On the topic of performing: is it the stage you have your sights on? In that case, set your sights on stage pianos, like the Roland RD-300NX for example. Powered by Roland's proprietary "SuperNATURAL" sound engine, it's so true-to-life that an audience just might find themselves wondering where you've hidden the baby grand. Another great suggestion is the Nord Stage 2 88-Key Stage Keyboard, which uses three sound-generating sections working together to provide outstanding versatility.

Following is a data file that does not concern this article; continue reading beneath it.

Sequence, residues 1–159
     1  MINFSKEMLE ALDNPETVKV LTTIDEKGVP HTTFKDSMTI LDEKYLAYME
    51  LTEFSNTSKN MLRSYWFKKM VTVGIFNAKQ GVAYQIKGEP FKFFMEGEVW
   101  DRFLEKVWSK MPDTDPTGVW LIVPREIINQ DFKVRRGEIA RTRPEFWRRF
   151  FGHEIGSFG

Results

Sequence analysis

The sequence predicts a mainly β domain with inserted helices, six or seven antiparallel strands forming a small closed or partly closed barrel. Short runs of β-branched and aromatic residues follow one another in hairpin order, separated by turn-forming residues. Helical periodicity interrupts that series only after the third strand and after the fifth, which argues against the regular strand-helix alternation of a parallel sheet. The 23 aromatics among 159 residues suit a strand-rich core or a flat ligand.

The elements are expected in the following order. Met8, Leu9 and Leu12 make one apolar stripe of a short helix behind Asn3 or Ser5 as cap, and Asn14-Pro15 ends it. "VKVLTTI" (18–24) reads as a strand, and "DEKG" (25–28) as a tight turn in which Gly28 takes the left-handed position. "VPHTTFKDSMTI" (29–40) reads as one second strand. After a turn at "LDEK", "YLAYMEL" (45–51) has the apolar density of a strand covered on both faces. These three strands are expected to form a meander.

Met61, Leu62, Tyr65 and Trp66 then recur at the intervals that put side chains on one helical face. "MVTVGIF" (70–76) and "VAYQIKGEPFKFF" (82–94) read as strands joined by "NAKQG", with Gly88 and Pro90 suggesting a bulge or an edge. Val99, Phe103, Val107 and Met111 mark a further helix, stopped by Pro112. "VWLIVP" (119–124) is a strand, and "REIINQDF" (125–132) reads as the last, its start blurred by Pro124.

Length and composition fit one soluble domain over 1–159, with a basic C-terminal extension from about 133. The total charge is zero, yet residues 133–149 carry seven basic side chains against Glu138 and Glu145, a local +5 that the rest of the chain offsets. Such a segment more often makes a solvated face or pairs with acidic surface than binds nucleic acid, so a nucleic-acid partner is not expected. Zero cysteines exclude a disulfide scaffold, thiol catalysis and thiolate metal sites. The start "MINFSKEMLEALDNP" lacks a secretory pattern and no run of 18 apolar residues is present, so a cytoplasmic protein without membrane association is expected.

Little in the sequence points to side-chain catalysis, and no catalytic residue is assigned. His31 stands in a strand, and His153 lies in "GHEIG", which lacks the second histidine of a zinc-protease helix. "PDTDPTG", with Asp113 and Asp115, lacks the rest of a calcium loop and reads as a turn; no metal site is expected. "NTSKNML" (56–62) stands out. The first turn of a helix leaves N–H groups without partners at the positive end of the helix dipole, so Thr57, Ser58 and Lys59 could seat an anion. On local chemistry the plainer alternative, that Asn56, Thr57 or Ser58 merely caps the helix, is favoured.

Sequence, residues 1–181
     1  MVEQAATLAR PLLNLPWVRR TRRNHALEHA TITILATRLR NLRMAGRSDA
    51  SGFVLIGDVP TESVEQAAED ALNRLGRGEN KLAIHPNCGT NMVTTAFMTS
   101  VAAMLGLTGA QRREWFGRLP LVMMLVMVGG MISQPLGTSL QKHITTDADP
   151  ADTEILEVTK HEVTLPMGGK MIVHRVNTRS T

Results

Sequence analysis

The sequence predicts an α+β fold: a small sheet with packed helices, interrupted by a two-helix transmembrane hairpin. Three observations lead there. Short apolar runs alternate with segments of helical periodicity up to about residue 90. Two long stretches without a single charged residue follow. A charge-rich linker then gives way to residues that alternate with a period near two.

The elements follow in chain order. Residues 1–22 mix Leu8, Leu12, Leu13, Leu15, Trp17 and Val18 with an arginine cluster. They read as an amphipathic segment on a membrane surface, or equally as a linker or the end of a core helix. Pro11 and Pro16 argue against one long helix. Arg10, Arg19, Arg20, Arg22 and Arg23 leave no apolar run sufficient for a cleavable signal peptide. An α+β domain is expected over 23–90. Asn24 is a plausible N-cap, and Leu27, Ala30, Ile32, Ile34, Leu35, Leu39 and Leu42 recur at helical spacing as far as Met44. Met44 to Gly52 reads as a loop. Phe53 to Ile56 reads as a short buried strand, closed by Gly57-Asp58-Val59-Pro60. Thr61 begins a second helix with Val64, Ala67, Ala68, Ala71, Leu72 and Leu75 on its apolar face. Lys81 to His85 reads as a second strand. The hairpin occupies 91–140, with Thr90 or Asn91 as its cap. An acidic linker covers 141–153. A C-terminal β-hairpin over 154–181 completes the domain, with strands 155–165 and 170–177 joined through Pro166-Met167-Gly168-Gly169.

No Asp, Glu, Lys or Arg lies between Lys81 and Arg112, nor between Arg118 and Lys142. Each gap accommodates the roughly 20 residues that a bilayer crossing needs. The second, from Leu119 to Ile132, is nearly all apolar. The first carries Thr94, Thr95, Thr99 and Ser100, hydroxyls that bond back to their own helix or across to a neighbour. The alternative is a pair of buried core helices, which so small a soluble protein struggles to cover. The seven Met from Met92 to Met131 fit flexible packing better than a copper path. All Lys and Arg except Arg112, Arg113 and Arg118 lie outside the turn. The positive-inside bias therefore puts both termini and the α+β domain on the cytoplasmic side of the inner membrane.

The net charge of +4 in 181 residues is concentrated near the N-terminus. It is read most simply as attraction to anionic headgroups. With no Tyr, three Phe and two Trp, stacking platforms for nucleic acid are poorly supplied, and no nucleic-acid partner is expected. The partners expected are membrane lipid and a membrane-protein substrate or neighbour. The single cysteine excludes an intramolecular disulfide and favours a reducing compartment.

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All of these are classified as non-pitched percussion, allowing for the music to be scored using percussion notation, for which a loose semi-standardized form exists for both the drum kit and electronic drums. The drum kit is usually played while seated on a stool known as a throne. While many instruments like the guitar or piano are capable of performing melodies and chords, most drum kits are unable to achieve this as they produce sounds of indeterminate pitch.[6] The drum kit is a part of the standard rhythm section, used in many types of popular and traditional music styles, ranging from rock and pop to blues and jazz. Other standard instruments used in the rhythm section include the piano, electric guitar, electric bass, and keyboards.